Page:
by Elizabeth Bleacher
The National Association of Elementary School Principals (NAESP) and the National Association of Secondary School Principals (NASSP) partnered to release Rethinking Principal Evaluation: A New Paradigm Informed by Research and Practice at a Congressional briefing this month. The report was developed by practicing principals in response to demands for higher principal responsibility within schools. “It is essential to insert the principals’ voice in the redevelopment or refinement of evaluation systems to change practice to improve schools,” said Gail Connelly, Executive Director of the National Association of Elementary School Principals.
Six Key Domains of School Leadership
Rethinking Principal Evaluation stresses the importance of leadership within schools. The report acknowledges that the influence of leadership is strongest at the schools that need it the most. These points put emphasis on the importance of developing successful leadership through effective evaluation. The report outlines six key domains of leadership that it maintains should be considered in principal evaluations. Those six domains are:
Essential Features of Comprehensive Evaluation Systems
- Professional growth and learning;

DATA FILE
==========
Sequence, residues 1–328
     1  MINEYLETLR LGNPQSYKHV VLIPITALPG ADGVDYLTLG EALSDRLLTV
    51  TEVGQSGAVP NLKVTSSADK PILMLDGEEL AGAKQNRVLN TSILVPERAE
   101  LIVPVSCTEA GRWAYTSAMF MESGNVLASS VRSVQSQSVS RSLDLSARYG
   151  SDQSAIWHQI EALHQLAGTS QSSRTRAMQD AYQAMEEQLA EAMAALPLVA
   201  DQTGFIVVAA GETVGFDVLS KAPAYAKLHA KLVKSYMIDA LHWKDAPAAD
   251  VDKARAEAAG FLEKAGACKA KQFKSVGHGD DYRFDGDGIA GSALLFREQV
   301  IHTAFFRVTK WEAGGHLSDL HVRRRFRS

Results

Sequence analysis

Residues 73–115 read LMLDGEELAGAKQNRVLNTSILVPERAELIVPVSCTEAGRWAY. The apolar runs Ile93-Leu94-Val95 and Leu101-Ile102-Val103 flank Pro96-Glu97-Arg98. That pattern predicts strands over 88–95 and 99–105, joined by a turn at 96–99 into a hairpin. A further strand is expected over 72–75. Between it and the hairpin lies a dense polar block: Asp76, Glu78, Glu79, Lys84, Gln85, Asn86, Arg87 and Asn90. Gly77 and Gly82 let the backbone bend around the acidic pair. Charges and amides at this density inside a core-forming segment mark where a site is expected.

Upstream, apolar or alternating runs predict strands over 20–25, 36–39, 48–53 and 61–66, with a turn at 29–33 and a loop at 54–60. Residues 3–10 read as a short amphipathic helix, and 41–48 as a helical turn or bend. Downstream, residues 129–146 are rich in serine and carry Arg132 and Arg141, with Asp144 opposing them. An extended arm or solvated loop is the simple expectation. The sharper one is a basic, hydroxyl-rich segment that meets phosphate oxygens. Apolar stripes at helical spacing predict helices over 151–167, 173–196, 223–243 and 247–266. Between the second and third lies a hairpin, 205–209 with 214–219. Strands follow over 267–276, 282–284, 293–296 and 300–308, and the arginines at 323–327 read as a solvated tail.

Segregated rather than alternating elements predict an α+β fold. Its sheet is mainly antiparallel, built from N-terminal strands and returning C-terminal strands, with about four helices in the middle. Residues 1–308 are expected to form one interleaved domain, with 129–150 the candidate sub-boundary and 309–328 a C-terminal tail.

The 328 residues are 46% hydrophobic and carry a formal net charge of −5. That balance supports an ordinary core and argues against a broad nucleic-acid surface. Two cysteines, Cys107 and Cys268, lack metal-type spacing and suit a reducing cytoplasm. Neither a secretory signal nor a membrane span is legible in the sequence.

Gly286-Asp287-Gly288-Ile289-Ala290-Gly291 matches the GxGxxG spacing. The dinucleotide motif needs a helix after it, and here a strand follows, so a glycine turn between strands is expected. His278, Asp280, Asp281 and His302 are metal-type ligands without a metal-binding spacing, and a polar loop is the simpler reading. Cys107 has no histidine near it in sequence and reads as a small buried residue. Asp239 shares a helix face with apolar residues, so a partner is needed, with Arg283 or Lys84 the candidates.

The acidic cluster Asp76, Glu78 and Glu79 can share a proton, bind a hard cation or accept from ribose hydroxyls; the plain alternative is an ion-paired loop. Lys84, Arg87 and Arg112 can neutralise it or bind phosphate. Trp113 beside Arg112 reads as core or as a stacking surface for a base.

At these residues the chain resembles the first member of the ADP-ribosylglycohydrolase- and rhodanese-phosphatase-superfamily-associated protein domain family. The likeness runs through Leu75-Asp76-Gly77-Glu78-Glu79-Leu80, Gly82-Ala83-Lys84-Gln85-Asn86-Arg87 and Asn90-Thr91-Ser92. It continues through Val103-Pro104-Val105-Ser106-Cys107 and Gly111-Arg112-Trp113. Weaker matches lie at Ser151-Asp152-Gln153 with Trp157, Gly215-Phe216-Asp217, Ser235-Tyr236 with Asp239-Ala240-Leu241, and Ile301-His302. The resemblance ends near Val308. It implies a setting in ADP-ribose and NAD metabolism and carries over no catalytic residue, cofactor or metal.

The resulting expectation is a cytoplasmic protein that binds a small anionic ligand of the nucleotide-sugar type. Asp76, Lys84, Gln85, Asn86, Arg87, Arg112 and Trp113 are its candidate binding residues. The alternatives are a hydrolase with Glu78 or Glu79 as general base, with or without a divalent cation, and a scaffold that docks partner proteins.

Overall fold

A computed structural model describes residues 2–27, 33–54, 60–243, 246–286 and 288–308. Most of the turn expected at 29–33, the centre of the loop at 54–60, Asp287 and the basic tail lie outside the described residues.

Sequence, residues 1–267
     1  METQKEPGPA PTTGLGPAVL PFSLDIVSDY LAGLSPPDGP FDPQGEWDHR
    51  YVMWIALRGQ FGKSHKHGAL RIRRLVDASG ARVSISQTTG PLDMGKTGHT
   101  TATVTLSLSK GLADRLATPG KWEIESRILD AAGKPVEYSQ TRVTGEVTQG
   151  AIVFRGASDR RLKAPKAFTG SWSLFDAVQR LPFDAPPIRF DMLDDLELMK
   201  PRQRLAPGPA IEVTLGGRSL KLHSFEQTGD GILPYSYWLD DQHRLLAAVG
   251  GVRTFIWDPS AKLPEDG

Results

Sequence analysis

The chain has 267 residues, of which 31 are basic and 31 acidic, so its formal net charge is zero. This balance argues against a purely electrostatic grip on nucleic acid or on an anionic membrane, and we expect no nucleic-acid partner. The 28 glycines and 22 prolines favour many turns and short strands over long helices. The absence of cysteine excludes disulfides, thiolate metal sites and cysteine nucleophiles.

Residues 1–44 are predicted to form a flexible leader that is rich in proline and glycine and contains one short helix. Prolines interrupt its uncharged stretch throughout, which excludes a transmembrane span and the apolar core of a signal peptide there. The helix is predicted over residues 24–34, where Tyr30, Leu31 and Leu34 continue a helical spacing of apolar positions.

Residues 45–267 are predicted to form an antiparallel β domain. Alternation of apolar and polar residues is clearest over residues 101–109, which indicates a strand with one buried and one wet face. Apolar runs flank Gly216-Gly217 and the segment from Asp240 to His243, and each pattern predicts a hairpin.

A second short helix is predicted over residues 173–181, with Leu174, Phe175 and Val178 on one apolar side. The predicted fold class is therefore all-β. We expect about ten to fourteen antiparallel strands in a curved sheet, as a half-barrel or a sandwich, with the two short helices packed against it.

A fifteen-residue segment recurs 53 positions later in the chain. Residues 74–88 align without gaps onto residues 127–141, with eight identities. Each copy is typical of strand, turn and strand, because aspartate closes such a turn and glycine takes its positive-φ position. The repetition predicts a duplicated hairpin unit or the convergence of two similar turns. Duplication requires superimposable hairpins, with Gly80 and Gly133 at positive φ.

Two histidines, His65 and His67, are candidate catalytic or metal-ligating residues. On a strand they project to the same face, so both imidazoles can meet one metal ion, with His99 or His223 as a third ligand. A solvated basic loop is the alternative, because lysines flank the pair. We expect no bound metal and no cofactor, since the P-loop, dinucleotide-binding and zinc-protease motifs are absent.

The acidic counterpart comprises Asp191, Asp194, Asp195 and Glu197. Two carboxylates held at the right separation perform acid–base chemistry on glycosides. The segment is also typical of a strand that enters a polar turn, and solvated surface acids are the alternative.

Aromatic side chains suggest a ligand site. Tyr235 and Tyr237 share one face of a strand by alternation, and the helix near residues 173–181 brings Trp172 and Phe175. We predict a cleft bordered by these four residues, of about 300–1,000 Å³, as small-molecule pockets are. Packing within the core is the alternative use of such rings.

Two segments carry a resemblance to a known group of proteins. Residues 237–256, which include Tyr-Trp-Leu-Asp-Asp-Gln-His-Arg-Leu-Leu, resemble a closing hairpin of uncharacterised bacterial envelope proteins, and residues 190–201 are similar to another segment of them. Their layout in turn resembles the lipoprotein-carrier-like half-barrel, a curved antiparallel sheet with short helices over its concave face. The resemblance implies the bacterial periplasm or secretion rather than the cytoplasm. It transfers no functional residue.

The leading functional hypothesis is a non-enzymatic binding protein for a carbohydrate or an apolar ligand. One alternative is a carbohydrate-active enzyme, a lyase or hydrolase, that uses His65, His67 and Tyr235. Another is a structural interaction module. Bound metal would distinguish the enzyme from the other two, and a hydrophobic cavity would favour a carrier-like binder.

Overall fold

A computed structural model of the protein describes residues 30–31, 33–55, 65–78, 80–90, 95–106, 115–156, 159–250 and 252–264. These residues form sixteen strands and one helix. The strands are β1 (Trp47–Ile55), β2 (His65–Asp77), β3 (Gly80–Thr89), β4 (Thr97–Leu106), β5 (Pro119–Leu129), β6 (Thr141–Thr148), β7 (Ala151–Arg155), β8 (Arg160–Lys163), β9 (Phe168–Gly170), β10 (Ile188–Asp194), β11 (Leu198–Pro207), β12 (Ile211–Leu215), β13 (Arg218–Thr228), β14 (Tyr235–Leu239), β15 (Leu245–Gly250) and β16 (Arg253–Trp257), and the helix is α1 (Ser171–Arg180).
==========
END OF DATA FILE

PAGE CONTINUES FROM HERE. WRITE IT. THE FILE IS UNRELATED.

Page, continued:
- Student growth and achievement;
- School planning and progress;
- School culture;
- Professional qualities and instructional leadership; and
- Stakeholder support and engagement.
At its core, the report is a set of guidelines that policymakers can use to cultivate a consistent measurement system for the success of principals and associate principals. “The key element is that this is a framework for states and districts to develop their evaluation programs,” said Richard M. Long, Director of Government Relations at the International Reading Association. The shortcomings of past evaluation methods only serve to highlight the importance of the comprehensive systems outlined within the report.
The research contained in Rethinking Principal Evaluation acknowledges that there are some shared features that make evaluation systems effective. These features –including systemic support, flexibility, relevance and utility–help the evaluation system be applied to a range of institutions based on unique criteria. However, the report also provides more specific guidelines to help policymakers enforce and develop these systems.
The report suggests that policymakers should:
- Consider student, school, and community contexts;
- Incorporate standards that can improve practice;
- Use evaluation to build capacity; and
- Focus on multiple measures of performance data.
Overall, the report takes an extensive look at principal evaluation and offers a research-based framework for its improvement. The report encourages policymakers to adopt its new paradigm, uniquely based on research, for comprehensive principal evaluation.
More information on Rethinking Principal Evaluation: A New Paradigm Informed by Research and Practice can be found at the National Association of Elementary School Principals’ website, along with an executive summary and the full report.
Elizabeth Bleacher is the strategic communications intern at the International Reading Association.